In a 2009 article on his blog, Steven Pressfield (writer, creative extraordinaire) writes about his first job creating copy at an ad agency. And the #1 lesson he learned from that job is, to quote Pressfield, “Nobody wants to read your s**t.” Although you may think that you’ve just written the most amazing Trident commercial ever—no one cares. At the end of the day it’s just gum, or detergent, or floor wax. And most people are too busy with their everyday lives to even bother watching your genius commercial, let alone pay any attention to it.
But, he continues, the idea that your work doesn’t matter to anyone else is one of the most important things to learn about being a writer—that the only way people are going to stop and listen to what you have to say is if you can think like them, offer them something they’ve never seen before, and do it in a way that speaks to their experience.
Although Pressfield is talking about writing, his words could be applied to just about any profession, including reputation management. Think about it: in reality, no one cares how many links you’ve built, how many social profiles you’ve created, or what kind of infographic you were able to get to rank for a branded term. If the link to your client’s Facebook page moves up one slot in the SERP, the world does not stop.
So what do people care about? And why does that even matter to reputation management professionals?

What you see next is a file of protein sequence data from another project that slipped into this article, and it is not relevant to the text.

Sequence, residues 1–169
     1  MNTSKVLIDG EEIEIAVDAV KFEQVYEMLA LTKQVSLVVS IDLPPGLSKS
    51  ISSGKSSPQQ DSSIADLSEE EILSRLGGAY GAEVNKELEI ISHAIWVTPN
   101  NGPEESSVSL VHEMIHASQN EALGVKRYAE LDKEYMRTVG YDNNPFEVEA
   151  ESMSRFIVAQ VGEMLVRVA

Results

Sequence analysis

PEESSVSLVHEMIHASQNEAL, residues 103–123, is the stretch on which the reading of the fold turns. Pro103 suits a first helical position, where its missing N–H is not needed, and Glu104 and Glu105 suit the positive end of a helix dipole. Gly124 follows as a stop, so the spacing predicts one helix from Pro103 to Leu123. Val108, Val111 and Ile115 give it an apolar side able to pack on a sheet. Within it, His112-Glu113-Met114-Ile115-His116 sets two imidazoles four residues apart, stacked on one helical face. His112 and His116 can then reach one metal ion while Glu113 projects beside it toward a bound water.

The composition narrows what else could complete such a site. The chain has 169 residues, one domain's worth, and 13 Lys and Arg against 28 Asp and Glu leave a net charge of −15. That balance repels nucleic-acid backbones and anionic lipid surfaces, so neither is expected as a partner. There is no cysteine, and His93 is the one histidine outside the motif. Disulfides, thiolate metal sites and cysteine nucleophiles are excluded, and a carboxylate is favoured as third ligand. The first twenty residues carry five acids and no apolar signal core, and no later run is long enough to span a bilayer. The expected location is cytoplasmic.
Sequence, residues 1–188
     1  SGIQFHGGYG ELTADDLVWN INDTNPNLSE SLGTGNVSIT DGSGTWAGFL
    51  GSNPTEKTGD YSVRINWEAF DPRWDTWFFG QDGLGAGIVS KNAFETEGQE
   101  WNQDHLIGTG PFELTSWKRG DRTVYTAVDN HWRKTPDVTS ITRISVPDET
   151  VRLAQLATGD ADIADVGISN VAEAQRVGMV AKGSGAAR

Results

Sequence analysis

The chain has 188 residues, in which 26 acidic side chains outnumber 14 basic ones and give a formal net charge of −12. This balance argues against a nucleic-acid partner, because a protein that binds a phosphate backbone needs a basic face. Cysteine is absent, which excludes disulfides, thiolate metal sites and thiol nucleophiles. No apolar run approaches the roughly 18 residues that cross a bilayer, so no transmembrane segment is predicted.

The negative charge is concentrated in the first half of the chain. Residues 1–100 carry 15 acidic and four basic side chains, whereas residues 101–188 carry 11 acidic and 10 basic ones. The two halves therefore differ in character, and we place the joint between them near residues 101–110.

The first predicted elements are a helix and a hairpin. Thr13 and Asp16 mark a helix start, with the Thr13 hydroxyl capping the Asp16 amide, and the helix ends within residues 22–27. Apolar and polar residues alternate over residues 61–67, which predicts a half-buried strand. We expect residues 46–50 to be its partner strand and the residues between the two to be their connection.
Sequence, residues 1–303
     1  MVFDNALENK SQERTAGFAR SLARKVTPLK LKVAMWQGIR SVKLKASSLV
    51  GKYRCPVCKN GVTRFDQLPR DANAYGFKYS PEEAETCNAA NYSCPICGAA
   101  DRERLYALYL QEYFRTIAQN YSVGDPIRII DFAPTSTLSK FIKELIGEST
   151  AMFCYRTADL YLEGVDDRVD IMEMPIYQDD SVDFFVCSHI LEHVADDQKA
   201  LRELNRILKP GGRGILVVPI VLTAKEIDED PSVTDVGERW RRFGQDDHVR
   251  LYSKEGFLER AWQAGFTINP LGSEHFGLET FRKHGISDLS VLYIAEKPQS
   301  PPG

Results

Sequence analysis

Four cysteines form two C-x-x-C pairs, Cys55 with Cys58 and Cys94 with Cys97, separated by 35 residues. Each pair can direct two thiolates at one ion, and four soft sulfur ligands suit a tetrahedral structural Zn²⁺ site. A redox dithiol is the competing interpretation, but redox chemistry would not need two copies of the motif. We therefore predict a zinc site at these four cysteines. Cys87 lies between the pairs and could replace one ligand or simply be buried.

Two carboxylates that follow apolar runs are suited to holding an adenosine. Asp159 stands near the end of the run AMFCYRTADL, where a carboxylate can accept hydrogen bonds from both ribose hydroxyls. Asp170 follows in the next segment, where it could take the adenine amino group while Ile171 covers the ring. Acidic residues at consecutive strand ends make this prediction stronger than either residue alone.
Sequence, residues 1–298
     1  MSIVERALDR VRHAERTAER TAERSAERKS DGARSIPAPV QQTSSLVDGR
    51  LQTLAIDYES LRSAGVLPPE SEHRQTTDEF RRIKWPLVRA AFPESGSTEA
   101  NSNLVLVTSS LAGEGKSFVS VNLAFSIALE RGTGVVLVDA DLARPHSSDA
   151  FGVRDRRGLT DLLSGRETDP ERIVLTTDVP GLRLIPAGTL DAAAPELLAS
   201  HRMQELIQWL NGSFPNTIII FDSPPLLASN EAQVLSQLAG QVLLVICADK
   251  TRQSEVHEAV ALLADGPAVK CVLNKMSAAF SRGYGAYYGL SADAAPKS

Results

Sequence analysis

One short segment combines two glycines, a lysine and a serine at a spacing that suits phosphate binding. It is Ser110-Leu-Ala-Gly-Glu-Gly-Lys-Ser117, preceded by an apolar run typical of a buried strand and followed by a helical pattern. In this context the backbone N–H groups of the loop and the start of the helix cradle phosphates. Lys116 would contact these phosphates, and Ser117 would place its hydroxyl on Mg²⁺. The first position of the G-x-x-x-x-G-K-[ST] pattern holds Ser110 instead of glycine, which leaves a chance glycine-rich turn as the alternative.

Doing reputation management, you have to think about two audiences, your clients and the people who will be searching for your clients’ names online. Clients just want results. They don’t really want to know how you did it, they just want to be able to search their name online and see that no bad press comes up in the SERP. And users who are searching for your client’s name online don’t care about how search engines work, they simply want to see a fair and balanced result when they search. They just want access to actionable information about the brands or companies they looking for.
In essence, both clients and users want to feel a sense of relief. Clients want to be relieved that they don’t have to worry about their online reputation, and users want to be relieved that they don’t have to go to the second page of results to find the information they’re looking for.
As such, the job of an online reputation manager is not so much about numbers and ranks and algorithms as it is about creating a positive feeling in those that you work for and those that will see your work. This is perhaps the goal that we lose sight of as we go about our daily activities.
Keeping our eye on the fact that no one cares about what we do—as long as it is helpful and useful—can help us focus our daily efforts and prioritize our strategies. The next time you’re in the middle of a campaign, ask yourself, “Is someone go to care about the result of what I’m doing right now? Is this going to make my client and their users feel relieved?”
No one may care about what we do. But if we care about what they want, we’ll be able to build better reputation strategies, execute better campaigns, and ultimately, be more successful at what we do.